These meetings trigger a lot of writing. Wednesday night we hosted 18 Writers and most of them had items to share. We usually allow readers enough time to read the portions of a piece with which they are having some difficulty. The input from the writers in the room are great, ranging from suggestions of how to enhance the piece to questions as to whom the reader is trying to reach with their work. Unless the piece is unusually complicated, a five-minute read is sufficient for the group to offer multiple suggestions.
We originally planned to have a presenter at the next meeting but there's been a change of plans. We've had to postpone the presenter until the second meeting, March 20th. Ed Ellis will be presenting, Abstractions, the blood in the veins of the writer.Join us for an informative session.
This meeting opened with a discussion about the process of judging a writing competition. Ernie, our FWA group leader, is one of the judges in this year's Royal Palm Literary Award Competition. We looked at what judges look for in a piece submitted for the competition. The scoring is based on ten overall areas with marks of 1 to 10 points given in each category.
- Genre - Does the piece meet the specification of the genre in which it's entered?
- Hook - Does the piece interest the reader in the first paragraphs?
- Language and POV - Is the language used consistent with the era in which the story unfolds, is it appropriate for the target audience, and does it sound natural? Does the Point Of View change appropriately within the story?
- Creativity - Does the story show imagination and originality?
- Description - Are locations and people within the story shown as real and easily seen by the reader.
- Character - Are the characters developed and definable?
- Dialogue - Is there too little, too much, or just the right amount of dialogue?
- Plot - Does the plot develop within the story?
- Mechanics - Did the writer use the proper writing tools, ie. commas, periods, quotation marks, etc.
- Overall Impression - What is the judges overall impression of the story?
The discussion was energetic and questions meaningful. Thank you Ernie for bringing this to us.
As we moved into the reading portion of the evening, three readers who did not have the opportunity to read at the last meeting were called upon to present their work.
Debbie MacAvoy introduced us to two new characters in her work, The Manipulator. Teddy's parents, Frank and Pearl enter with a discussion about the real reason Frank wants to buy the farm in upstate New York and leave the city. Great dialogue and description of expressions and body language gave us good insight into the characters and their relationship. The group expressed some really good ideas as to how Debbie might expand these characters. We'll have to wait and see how this turns out. Good job Debbie.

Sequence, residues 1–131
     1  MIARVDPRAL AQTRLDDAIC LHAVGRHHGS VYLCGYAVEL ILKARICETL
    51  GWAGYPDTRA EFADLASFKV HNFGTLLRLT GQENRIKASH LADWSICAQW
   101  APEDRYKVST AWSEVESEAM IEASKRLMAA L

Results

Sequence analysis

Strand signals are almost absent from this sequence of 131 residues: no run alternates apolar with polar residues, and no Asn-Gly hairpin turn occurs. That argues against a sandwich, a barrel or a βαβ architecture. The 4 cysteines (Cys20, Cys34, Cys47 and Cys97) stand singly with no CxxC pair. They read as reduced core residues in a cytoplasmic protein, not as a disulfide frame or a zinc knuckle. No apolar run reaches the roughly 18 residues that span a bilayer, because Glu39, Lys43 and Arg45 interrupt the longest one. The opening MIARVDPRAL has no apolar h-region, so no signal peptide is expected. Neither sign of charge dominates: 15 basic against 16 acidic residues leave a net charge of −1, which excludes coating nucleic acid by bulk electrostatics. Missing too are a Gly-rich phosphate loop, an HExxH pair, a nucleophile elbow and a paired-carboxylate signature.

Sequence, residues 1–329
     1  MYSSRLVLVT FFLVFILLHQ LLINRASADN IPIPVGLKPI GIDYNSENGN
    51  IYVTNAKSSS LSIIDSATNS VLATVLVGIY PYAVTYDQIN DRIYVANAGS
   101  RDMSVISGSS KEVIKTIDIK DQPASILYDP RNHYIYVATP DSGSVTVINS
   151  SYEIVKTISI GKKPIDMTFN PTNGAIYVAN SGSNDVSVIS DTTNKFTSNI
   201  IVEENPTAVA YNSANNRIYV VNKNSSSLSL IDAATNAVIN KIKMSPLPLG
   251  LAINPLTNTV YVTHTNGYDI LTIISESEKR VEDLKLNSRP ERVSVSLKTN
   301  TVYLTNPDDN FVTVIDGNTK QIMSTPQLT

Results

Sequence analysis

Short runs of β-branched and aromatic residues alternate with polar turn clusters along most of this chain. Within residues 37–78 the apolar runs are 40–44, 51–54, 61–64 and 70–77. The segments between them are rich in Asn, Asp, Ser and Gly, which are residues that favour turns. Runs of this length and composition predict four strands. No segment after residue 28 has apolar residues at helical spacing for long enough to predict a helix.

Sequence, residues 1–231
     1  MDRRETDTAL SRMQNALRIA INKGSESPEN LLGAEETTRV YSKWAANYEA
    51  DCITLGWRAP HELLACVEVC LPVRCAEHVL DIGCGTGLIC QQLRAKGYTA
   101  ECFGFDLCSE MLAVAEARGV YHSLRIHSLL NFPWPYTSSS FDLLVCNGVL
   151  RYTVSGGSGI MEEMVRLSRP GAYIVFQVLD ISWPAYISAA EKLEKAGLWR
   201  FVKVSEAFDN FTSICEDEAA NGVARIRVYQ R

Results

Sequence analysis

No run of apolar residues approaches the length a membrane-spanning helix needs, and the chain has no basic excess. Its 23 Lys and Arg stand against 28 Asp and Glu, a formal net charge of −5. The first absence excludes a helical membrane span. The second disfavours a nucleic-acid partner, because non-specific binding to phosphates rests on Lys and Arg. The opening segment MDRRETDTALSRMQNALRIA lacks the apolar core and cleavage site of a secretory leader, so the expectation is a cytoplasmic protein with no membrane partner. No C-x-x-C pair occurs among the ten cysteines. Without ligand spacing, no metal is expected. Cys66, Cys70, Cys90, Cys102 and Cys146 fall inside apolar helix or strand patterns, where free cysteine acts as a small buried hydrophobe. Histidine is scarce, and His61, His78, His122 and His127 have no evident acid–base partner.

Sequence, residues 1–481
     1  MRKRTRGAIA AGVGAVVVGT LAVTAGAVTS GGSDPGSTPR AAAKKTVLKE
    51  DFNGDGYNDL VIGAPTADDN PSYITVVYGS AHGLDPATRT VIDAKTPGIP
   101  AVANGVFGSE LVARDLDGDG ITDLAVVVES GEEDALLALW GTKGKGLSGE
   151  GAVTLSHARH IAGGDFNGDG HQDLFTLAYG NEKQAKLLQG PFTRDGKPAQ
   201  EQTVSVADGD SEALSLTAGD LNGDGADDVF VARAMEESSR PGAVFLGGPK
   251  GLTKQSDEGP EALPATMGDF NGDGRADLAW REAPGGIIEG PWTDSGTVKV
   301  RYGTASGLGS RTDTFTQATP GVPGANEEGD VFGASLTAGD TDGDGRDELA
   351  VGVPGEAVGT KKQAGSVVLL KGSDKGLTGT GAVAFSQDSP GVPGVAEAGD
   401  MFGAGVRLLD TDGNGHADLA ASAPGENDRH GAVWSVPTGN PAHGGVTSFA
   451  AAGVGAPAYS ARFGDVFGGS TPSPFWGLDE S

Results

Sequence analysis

William Beebe is a favorite author of Dennis Cathcart and Dennis wants to use a quote from him published in 1918. He read the quote to the group and received feedback on how to incorporate it.
When Sue Haley read her poem The Very Core of Me, the room took a deep communal breath as they heard the lament of our Mother Earth. As always, Sue hit the nail on the head in expressing her feelings and drawing her audience into the moment.
The second day of the battle at Gettysburg dawned with Jim Kelly II reading a snippet from the historical novel about the life of General Winfield Scott Hancock. It was almost a though we could smell death and hear the moans of the wounded from the previous day even as he delved into the thoughts of the General's planning.
Reading a selection of short poems, Peter Frickel took us on a journey through the labyrinth of his thoughts. Peter urges us to write with concision as we put forth our ideas and stories.
A poet who is not a member of our group but is represented by his sister, Barbara Frickel, wrote a beautiful piece entitled 3 Suns Up. Barbara's rendition of the happenings on a farm as seen from the Sun's point of view was beautiful and expressive, we could feel the sun's warmth and cool dampness of the morning dew.
Can you imagine eating a half-century-old piece of cake. Well, Linda Bond shared the experience and history of a piece of wedding cake reclaimed and shared at a 50th anniversary celebration.
When Ed Ellis brought a new poem to the floor, we looked forward to it with pleasure as Ed always finds a new twist in his active brain. This was no exception, In Here Out There was all we expected. Great job Ed.
The continuing story of a young boy in Castro's Cuba is taking shape in the biographical novel of Amari. Jeffrey Kutcher paints a picture of a boy who despite economic shortcomings in his everyday life manages to have some fun and obtain a reasonable education. When his friends loosen the screws in his school desk, Amari gets in trouble with the teacher who is teaching the history of Cuba as seen by Castro's politics.
In her last meeting of the season before returning to the north, Lois Stern shared a story from the upcoming book in the Tales2Inspire series. A Gentle Voice for Social Justice follows a young Dominican through his formidable years as he leaves home to join his father in the United States. There he is educated and dedicates his life to making life better for others here and in his home country.
As the evening drew to a close, the group still seemed reluctant to leave as they clustered in small groups and continued conversation. It took the extinguishing of lights to finally move them outside.
We hope to see you at the next meeting on March the 6th, same time, same place. Until then, KEEP ON WRITING.